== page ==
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Title: Impact of the Palestinian National Cash Transfer Programme on persons with disabilities' independent living
Author: Abu Alghaib, Ola
ISNI:       0000 0004 7426 9766
Awarding Body: University of East Anglia
Current Institution: University of East Anglia
Date of Award: 2018
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This thesis aims to contribute to current policy and academic debates on the impact of cash transfers, as an essential pillar of social protection policy, on persons with disabilities in low- and middle-income countries. It is one of the first studies to specifically explore cash transfer schemes' potential contribution to persons with disabilities’ independent living, pursuant to Article 19 of the United Nations Convention on the Rights of Persons with Disabilities. A qualitative country case study approach, with both descriptive and explanatory purposes, was adopted. Multiple lines of evidence were used to examine the Palestinian National Cash Transfer Programme, combining collection and analysis of primary and secondary data through document study, expert interviews, focus group discussions, and in-depth interviews. This thesis draws on the transformative social protection framework, emphasising the aim of enhancing the rights and social status of the marginalised, thereby reducing their economic and social vulnerability. It argues that social protection for persons with disabilities should adopt a ‘transformative’ approach to support equity, social justice, and empowerment. The necessary components of an inclusive social protection policy are suggested, transcending the traditional medical or charitable conceptualisations of persons with disabilities. The thesis highlights the complexity of addressing disability through cash transfer programmes, especially when political, structural, and resource factors are also influential. The main argument is that ad hoc responses to persons with disabilities’ needs in cash transfer programmes are insufficient to deliver a sustainable and positive impact on their wellbeing and independent living. The evidence suggests that policy interventions to address persons with disabilities’ independent living rights must focus on institutional, social, and political structures, rather than just income. Cash transfers are one policy solution to partially enhance persons with disabilities’ autonomy and life choices. However, social protection interventions should extend beyond poverty alleviation social transfers, with broader services than cash. Adopting wide-ranging measures should assure persons with disabilities of equal access to support and mainstream social services, promote their independence, and reduce social exclusion.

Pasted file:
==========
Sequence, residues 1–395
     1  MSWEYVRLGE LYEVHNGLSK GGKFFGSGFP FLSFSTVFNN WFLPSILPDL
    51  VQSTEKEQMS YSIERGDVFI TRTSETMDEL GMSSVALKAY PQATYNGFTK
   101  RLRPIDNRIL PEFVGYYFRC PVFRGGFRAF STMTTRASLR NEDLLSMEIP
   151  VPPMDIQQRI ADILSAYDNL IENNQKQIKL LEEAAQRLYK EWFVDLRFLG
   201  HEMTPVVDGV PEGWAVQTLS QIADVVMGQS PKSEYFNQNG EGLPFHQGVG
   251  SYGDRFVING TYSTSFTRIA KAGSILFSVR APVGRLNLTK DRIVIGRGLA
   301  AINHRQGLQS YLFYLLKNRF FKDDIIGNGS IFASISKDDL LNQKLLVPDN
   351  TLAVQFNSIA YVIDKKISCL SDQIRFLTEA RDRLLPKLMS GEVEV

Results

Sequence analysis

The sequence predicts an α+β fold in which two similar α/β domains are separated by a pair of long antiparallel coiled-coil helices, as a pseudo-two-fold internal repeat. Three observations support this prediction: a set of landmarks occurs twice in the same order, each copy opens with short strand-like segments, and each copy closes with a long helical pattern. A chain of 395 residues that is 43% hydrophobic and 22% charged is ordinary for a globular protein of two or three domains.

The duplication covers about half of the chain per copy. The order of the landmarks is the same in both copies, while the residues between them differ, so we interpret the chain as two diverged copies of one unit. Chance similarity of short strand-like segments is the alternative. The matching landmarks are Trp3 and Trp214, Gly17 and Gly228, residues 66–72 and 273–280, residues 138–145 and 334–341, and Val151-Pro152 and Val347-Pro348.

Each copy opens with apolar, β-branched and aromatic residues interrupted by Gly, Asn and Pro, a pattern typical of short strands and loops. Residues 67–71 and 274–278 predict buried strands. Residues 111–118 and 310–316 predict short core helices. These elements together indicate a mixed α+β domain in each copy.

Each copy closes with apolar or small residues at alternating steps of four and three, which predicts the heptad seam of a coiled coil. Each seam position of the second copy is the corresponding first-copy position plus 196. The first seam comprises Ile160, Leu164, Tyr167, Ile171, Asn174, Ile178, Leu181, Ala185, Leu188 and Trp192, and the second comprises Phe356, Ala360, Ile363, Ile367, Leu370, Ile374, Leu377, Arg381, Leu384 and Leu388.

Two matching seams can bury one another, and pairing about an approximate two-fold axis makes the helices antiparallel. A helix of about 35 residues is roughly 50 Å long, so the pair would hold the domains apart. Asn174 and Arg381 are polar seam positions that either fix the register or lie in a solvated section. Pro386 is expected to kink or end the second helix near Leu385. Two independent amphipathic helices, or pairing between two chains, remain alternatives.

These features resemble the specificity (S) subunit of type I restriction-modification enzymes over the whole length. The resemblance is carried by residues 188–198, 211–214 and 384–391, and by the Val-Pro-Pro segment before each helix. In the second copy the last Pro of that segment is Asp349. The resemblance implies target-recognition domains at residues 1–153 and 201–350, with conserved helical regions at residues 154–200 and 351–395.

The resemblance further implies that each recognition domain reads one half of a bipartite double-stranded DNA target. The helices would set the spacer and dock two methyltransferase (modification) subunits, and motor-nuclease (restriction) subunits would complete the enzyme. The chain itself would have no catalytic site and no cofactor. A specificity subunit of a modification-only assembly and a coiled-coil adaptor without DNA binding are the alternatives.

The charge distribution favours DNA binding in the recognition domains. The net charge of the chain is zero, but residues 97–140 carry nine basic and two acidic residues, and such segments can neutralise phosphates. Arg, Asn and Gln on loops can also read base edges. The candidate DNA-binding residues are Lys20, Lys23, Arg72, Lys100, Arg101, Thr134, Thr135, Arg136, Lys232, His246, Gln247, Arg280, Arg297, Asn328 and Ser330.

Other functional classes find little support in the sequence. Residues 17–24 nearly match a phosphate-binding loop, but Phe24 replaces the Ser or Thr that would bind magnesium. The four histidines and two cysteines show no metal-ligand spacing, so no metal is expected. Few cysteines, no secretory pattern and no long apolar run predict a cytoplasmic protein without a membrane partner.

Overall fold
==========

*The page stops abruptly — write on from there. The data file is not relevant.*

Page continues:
Supervisor: Not available Sponsor: Not available
Qualification Name: Thesis (Ph.D.) Qualification Level: Doctoral
EThOS ID:  DOI: Not available